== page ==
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Molecular Mechanism Provides Intra-cellular Traffic Signal

Date:
October 19, 2006
Source:
University of Illinois at Chicago
Summary:
Researchers at the University of Illinois at Chicago have found that intra-cellular trafficking is tightly coordinated for maximum flow through cellular compartments, much as vehicles on a crowded road are allowed to pass quickly through a succession of green traffic lights.

City planners could learn a lesson or two from tiny cells on how to maximize traffic flow.

Researchers at the University of Illinois at Chicago have found that intra-cellular trafficking is tightly coordinated for maximum flow through cellular compartments -- much as vehicles on a crowded road are allowed to pass quickly through a succession of green traffic lights.

The molecular mechanism that underlies this coordination is reported by lead researcher Nava Segev, UIC professor of biological sciences, in the November issue of Nature Cell Biology.

While the finding was made using yeast cells, intra-cellular mechanisms discovered in yeast almost invariably correspond to processes in mammalian cells, including humans, and the mechanism Segev described may find applicability in the biomedical field.

"Every system in our body depends on intra-cellular trafficking, because anything that goes from the inside of a cell to the outside, or from outside to inside, uses this process," Segev said. "Malfunctioning of this pathway can cause a variety of human diseases. For example, problems in insulin secretion or presentation of insulin-receptors on the cell membrane result in diabetes. Defects in growth factor secretion and presentation of their receptors on cells result in cancer. Defects in neurotransmitter release or internalization result in brain disorders."

A special set of proteins is responsible for the coordination. Molecular switches that go by the letters Ypt allow membrane-enclosed vesicles to pass in and out of cellular compartments. Activator proteins flip the switches on. One activator protein, called TRAPP, coordinates two Ypt switches for quick entrance and subsequent exit from a central cellular compartment known as the Golgi apparatus.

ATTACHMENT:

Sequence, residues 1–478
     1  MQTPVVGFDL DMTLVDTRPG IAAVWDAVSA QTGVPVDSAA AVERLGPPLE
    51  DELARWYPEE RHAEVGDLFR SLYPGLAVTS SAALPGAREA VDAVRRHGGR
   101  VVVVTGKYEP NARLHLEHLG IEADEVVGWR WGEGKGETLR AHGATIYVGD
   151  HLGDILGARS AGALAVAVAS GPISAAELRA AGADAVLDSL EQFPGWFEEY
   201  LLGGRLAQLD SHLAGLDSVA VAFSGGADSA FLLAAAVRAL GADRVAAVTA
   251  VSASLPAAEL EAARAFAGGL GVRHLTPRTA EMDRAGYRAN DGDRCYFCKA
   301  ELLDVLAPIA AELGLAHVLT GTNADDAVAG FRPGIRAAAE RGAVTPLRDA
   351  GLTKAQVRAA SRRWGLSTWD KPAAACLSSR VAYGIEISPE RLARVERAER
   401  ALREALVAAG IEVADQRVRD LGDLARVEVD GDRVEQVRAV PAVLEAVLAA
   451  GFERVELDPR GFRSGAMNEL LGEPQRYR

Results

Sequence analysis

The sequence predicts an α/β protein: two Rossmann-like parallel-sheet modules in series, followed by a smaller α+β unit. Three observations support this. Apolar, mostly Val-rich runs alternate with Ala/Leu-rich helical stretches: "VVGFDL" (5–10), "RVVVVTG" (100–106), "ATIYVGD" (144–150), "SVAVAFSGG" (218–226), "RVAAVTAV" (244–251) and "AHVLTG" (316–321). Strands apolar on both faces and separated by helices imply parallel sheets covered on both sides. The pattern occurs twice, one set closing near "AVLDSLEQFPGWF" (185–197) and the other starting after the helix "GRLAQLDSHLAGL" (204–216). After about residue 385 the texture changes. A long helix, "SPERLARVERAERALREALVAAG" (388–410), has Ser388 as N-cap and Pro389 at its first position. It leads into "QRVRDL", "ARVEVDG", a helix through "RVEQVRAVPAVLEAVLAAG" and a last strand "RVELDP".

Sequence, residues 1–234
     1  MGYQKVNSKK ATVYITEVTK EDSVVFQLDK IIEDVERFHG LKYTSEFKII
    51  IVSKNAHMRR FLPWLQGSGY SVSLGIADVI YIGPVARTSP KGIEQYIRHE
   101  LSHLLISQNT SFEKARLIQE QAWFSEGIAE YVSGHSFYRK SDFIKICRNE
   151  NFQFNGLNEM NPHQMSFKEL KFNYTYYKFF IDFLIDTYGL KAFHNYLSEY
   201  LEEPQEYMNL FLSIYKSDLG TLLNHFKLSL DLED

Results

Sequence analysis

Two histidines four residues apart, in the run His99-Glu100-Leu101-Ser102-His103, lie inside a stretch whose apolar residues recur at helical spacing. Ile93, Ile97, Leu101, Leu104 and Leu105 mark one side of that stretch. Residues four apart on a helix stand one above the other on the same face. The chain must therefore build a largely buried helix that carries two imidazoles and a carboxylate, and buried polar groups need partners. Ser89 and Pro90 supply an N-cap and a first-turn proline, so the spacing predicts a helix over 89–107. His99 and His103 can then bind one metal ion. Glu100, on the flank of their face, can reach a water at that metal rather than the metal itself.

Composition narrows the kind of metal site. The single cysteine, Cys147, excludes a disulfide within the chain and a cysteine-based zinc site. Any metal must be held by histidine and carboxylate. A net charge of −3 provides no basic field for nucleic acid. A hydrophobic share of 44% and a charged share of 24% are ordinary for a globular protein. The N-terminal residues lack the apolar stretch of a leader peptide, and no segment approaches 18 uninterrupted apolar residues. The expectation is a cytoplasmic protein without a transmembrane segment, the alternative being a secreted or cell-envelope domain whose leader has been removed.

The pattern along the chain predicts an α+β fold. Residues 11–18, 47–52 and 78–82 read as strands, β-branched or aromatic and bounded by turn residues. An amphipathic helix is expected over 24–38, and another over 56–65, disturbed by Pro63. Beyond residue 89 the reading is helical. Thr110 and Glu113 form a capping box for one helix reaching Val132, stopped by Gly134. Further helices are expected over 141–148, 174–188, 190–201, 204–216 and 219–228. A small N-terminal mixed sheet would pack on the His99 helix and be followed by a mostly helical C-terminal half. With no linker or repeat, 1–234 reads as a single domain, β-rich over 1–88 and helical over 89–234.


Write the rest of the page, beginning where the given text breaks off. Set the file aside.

"The Golgi is a central station in all cells, through which all intra-cellular traffic passes," Segev explained.

Specific subunits of TRAPP previously identified by the UIC researchers were found to be the key to coordinated switching and traffic flow through the Golgi. They have now shown that components of TRAPP act in sequence to direct the flow. One form of TRAPP turns on the first Ypt for entry into the Golgi, while at the other end of the Golgi, two subunits join TRAPP to activate the Ypt required for exit from the Golgi, Segev said.

Segev said the mechanism that her lab identified must now be shown to exist in mammalian cells. Her earlier discovery of the Ypt molecular switches in yeast and the subsequent finding of their homologues in mammalian cells, together with the fact that TRAPP is conserved in evolution from yeast to man, lead her to believe the entire coordinated switching mechanism is universal.

Principal co-authors of the paper are Nadya Morozova and Yongheng Liang, both post-doctoral researchers at UIC. Some key reagents were provided by colleagues in the department of cellular and molecular medicine at the University of California, San Diego.


Story Source:

The above story is based on materials provided by University of Illinois at Chicago. Note: Materials may be edited for content and length.


Cite This Page:

University of Illinois at Chicago. "Molecular Mechanism Provides Intra-cellular Traffic Signal." ScienceDaily. ScienceDaily, 19 October 2006. <www.sciencedaily.com/releases/2006/10/061018093940.htm>.
University of Illinois at Chicago. (2006, October 19). Molecular Mechanism Provides Intra-cellular Traffic Signal. ScienceDaily. Retrieved September 2, 2014 from www.sciencedaily.com/releases/2006/10/061018093940.htm
University of Illinois at Chicago. "Molecular Mechanism Provides Intra-cellular Traffic Signal." ScienceDaily. www.sciencedaily.com/releases/2006/10/061018093940.htm (accessed September 2, 2014).

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